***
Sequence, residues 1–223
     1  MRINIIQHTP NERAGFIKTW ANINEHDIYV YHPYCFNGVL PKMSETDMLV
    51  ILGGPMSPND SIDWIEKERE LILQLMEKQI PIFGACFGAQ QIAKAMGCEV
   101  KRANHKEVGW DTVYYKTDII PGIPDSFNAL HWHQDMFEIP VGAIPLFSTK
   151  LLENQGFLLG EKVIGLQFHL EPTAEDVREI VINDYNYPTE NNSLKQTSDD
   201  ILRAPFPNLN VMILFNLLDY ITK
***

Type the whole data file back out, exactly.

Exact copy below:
Sequence, residues 1–223
     1  MRINIIQHTP NERAGFIKTW ANINEHDIYV YHPYCFNGVL PKMSETDMLV
    51  ILGGPMSPND SIDWIEKERE LILQLMEKQI PIFGACFGAQ QIAKAMGCEV
   101  KRANHKEVGW DTVYYKTDII PGIPDSFNAL HWHQDMFEIP VGAIPLFSTK
   151  LLENQGFLLG EKVIGLQFHL EPTAEDVREI VINDYNYPTE NNSLKQTSDD
   201  ILRAPFPNLN VMILFNLLDY ITK